Observing the Spread of the Sovereign Debt Crisis

Do you have some protection, Fellow Reckoner? An escape plan? A little hideaway in some tropical clime? Some shiny stuff under the mattress?

Good. Remember: When it comes to the theater of global economic collapses, it is gold that buys the best seats in the house. Of course, you could always just watch the show from a deserted beach somewhere, lazing in a hammock with a long book and a broad smile.

Whatever your perspective, this show promises to be a box office hit. News out of Europe tells us the continent is coming apart at the seams. What the modern economists told us was contained to Greece has spread to Ireland…and is beginning to infect Portugal and Spain, too. The disease, as we all know, is debt. And the continents peripheral limbs are gangrenous with the stuff.

Despite the euro-meddlers’ plan to extend 200 billion euros ($260 billion) in emergency lifelines to Greece and Ireland – countries, mind you, that couldn’t pay their debts in the first place – the specter of continental collapse has only come into sharper focus.

Markets across Europe continued to sink yesterday. The euro – temporary lifeline for some, eventual anchor for all – yesterday traded near an 11-week low against the dollar. Meddlers, being meddlers, say they have the situation under control. But the bond traders are not buying it. Yields on Spanish debt ballooned yesterday, reaching above 5.55% from just 5.21% the previous day. Italian yields rose too and credit default swaps on Irish, Portuguese, Spanish and Italian debt all jumped to new records.

Even supposedly “stronger” nations are feeling the pinch. Word is that Belgium and even Germany are not immune.

“In recent days, investors have been selling the debt of Germany, whose economy remains relatively robust, because of worries it will bear much of the burden of the ever-higher costs of bailing out weaker countries,” reports The New York Times.

“While German bonds recovered by the end of Tuesday, the cost to an investor for insuring against an unlikely German default also rose, signaling growing nervousness.”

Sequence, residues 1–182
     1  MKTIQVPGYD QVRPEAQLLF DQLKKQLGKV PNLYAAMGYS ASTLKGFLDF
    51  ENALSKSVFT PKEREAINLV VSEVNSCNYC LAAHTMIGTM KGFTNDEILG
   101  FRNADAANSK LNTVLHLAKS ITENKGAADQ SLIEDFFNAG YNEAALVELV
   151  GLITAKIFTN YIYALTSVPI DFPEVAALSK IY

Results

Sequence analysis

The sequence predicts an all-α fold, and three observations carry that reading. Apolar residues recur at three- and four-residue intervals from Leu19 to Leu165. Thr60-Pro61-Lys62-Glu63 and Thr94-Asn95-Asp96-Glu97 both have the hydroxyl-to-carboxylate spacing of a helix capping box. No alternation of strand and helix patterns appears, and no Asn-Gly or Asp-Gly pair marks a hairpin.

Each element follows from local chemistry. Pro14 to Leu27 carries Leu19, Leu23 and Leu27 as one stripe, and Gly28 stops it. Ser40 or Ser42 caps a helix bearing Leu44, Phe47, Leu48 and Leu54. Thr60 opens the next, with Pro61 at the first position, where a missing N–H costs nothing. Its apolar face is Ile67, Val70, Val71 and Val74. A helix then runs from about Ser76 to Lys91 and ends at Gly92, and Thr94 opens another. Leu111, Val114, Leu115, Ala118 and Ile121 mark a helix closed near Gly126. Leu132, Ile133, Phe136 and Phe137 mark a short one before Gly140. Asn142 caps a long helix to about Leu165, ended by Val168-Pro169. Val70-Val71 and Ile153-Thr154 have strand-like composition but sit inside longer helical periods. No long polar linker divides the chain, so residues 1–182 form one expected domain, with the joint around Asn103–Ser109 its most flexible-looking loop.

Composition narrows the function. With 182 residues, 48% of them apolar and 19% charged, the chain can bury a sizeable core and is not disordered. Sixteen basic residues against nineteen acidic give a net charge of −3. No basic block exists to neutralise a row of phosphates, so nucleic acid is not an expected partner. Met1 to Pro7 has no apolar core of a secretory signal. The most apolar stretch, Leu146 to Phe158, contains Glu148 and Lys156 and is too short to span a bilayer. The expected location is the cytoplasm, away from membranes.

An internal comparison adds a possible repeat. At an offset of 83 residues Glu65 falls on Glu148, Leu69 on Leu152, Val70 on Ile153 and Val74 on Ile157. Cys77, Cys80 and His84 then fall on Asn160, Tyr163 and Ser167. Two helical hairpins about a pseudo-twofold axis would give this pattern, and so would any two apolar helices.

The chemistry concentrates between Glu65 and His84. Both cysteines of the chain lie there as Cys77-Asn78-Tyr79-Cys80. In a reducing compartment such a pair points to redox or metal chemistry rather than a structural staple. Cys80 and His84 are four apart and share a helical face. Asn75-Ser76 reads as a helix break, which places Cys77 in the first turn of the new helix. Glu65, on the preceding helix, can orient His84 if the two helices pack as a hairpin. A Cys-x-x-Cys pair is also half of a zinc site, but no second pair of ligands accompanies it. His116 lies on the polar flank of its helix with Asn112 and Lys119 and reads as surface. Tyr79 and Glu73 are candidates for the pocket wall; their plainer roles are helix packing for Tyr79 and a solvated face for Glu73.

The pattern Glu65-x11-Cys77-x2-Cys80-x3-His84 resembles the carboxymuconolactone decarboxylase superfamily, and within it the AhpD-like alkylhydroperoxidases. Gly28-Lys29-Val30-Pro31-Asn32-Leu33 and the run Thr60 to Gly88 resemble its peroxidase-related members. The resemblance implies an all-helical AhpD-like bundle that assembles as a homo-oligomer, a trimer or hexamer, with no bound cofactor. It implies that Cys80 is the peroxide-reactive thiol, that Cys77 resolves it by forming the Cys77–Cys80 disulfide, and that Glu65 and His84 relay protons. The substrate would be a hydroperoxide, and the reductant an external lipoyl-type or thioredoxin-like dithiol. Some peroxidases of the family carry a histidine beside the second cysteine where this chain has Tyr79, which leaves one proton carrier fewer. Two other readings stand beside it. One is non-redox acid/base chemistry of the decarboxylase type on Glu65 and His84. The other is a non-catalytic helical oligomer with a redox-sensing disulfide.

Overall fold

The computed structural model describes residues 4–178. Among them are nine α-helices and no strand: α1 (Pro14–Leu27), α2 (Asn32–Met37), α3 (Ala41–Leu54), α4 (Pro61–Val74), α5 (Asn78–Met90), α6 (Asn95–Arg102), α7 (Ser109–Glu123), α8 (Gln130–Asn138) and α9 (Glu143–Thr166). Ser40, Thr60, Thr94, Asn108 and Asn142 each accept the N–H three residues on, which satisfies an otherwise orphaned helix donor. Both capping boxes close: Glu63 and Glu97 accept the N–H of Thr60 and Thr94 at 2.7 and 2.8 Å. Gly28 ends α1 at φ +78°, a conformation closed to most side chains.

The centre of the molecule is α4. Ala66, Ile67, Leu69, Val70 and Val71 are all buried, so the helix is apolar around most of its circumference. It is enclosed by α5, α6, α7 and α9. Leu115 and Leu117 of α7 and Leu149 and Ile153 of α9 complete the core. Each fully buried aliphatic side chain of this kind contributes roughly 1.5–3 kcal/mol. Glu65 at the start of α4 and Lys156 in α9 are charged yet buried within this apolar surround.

Just how deep is this crisis, investors want to know?

“If a clod be washed away by the sea, Europe is the less,” mused the English poet, John Donne, in (the meditations that would become) his famous “For Whom the Bell Tolls.” And if the tides of debt were to wash away the whole continent? Well, Donne didn’t say. We’ll have to wait and see. Shouldn’t be long now…

Back on the other side of the pond, Americans who are worried they might be left out of the impending crisis needn’t feel jilted. That bell tolls for thee too! According to the latest data, the much-ballyhooed “recovery” in US housing – thanks mostly to Federal bribes and paper-mâché loans – seems to be faltering.

“We’re getting the clearest view yet that a double-dip in housing is under way,” writes Dave Gonigam in our sister publication, The 5-Minute Forecast. “The Case-Shiller Home Price Index fell in September at double the pace the Street was expecting.

“This is important,” Dave observes, “because we now have data completely unsullied by the homebuyer tax credit. Buyers had until June 30 to close…and Case-Shiller is a three-month moving average.”

So what are we to do, Fellow Reckoner? To where do we flee? Everywhere we look the tides are rising. The banks are eroding. Ireland-sized clods have already washed away in the sea. California-sized clods look set to follow. Do you buy farmland and retreat inland, to more fertile ground? Or do you stake a claim under a palm tree somewhere and hope the coconuts last?

The last time the whole world was in this kind of financial funk, back in 2008, we were trekking along a forgotten coastal stretch of Viet Nam. In the seaside town of Nha Trang, about 8 hours bus ride north of Saigon, we came across a few fellow refugees. Mostly they were ex-bankers from The City of London who suddenly had a whole lot of spare time on their hands. We met a dozen or so of them, all riding out the storm under the shelter of $20 per night accommodation and $2 poolside cocktails.

“Beats paying five quid for a pint back home,” one chap told us. “An the weather ain’t half bad either.”

We half expected to see a similar crowd here in Mexico, seeking a cheaper safe-haven where their eroding dollars can still buy a taco lunch and a nice view. The place is not empty…but neither is it jam-packed. Maybe folks haven’t heard the news yet. Maybe they don’t care.

Joel Bowman
for The Daily Reckoning